Skin cancer patients have a new reason to smile - doctors are set to unveil the first ever sticking plaster that can cure the deadly disease.
The Ambulight plaster comprises a miniature light that combines with a chemical cream and destroys skin cancer cells.
The device has already been used on 50 patients with a near 90percent success rate. An advantage of the procedure is that it is not only less painful but also leaves no scar.
A harmless chemical containing cream is applied to the skin where cancer cells absorb it.
After three hours the LED in the plaster automatically switches on for a set period of time, transforming the chemical into a lethal drug.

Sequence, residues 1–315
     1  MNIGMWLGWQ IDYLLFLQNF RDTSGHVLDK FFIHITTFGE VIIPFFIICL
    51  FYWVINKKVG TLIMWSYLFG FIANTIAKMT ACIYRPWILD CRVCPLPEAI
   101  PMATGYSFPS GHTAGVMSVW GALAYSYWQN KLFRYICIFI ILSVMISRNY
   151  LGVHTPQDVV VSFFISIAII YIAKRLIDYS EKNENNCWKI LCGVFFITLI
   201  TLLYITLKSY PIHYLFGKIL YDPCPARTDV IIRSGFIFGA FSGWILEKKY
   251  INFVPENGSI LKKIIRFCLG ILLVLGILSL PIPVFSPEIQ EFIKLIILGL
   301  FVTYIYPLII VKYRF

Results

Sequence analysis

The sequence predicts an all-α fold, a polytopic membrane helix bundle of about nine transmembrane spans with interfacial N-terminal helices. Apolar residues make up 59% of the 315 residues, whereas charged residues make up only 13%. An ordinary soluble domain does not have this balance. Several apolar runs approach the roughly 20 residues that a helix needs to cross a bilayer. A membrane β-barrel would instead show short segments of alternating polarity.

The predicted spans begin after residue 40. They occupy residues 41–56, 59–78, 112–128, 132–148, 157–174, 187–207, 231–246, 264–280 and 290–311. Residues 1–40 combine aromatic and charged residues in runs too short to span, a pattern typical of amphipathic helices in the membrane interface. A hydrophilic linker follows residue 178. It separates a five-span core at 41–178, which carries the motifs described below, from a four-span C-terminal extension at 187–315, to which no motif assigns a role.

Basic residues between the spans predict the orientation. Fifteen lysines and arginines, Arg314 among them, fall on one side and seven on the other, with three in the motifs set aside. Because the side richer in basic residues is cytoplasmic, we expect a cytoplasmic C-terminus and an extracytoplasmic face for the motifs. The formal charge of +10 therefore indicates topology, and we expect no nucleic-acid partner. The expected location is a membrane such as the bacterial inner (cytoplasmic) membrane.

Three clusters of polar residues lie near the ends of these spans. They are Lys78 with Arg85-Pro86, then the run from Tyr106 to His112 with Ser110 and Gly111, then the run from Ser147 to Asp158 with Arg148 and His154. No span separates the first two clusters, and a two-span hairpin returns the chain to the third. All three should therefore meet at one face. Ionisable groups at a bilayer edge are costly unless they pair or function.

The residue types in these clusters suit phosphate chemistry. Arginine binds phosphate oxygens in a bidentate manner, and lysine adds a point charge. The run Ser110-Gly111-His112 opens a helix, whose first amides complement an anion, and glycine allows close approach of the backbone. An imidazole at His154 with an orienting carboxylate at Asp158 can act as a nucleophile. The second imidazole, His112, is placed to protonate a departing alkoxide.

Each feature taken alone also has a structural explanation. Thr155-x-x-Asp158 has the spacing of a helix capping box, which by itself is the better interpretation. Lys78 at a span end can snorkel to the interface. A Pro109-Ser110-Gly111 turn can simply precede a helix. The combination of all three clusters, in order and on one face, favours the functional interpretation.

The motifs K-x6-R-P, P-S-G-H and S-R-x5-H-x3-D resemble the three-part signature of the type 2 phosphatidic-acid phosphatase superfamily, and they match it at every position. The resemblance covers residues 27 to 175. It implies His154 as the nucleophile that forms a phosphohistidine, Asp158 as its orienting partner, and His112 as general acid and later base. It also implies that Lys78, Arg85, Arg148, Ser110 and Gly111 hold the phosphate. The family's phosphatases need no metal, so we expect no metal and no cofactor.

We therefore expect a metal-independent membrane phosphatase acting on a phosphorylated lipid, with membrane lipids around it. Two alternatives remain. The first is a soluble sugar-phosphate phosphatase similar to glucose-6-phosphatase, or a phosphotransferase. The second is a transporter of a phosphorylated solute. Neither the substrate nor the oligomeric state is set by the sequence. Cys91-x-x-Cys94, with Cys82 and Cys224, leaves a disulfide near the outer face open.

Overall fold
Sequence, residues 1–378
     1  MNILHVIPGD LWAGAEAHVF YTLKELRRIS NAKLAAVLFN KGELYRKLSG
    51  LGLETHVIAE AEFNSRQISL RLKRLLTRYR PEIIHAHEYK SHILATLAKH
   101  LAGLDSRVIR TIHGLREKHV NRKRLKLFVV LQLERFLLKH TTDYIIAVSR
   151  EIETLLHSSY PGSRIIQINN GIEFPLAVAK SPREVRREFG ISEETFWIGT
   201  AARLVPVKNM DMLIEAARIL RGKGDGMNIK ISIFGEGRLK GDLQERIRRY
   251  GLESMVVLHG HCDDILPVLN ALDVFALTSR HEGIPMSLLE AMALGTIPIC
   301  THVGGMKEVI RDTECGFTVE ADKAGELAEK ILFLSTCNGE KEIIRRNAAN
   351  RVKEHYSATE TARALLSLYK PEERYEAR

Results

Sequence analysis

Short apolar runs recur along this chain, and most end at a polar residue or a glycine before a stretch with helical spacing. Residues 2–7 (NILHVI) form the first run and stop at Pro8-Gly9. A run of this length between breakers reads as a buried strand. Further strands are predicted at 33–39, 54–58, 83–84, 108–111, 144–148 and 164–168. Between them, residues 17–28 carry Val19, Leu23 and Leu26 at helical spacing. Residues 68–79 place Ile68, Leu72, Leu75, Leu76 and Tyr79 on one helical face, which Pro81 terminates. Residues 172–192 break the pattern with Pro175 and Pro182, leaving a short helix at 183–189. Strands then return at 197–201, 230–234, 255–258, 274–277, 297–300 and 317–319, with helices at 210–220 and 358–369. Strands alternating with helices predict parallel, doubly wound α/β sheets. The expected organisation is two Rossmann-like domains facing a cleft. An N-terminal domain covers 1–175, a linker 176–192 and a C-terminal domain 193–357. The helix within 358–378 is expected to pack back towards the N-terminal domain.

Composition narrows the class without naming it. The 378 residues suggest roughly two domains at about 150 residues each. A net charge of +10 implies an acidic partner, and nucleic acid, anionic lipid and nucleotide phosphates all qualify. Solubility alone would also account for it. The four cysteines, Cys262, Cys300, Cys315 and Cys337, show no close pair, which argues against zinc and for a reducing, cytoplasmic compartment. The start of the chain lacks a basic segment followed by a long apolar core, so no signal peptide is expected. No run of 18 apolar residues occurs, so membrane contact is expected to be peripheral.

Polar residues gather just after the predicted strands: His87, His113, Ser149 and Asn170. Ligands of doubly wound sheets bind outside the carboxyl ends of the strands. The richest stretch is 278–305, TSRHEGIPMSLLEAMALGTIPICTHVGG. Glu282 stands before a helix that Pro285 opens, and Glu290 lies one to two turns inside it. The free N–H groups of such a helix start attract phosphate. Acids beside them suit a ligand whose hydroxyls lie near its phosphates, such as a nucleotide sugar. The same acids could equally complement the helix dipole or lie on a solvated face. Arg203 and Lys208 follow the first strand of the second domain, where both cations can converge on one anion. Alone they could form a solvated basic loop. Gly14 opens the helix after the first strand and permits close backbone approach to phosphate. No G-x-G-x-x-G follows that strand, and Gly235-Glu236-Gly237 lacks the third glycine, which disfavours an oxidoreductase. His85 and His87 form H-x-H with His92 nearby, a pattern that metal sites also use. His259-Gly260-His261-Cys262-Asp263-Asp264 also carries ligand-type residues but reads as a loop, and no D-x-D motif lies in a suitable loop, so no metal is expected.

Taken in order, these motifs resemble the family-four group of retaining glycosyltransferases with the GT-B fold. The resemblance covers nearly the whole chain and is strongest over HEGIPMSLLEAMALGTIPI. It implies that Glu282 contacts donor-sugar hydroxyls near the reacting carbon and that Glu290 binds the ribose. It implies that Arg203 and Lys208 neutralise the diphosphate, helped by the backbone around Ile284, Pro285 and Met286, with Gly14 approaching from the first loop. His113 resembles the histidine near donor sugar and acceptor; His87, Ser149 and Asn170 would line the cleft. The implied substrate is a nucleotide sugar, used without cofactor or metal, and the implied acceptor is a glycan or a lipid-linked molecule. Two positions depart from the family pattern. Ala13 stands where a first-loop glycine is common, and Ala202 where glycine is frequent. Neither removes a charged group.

Even as it kills cancerous cell, damage to healthy cell is minimum.
The device was developed by professor James Ferguson, consultant dermatologist at Ninewells Hospital in Dundee.
"We get an 80-90percent complete cure," Sky News quoted Ferguson, as saying.
He added: "What we are hoping to do is optimise it further, by using new ways of delivering the light... pulsing for example. So there is room for improvement."
Muriel Lowe, a patient, said: "I have a skin condition that means normal surgery would scar me.
"The doctor told me that cosmetically this would be much better. he treatment is called photodynamic therapy."
The Ambulight is being officially introduced at the European Society for Photodynamic Therapy in Monaco.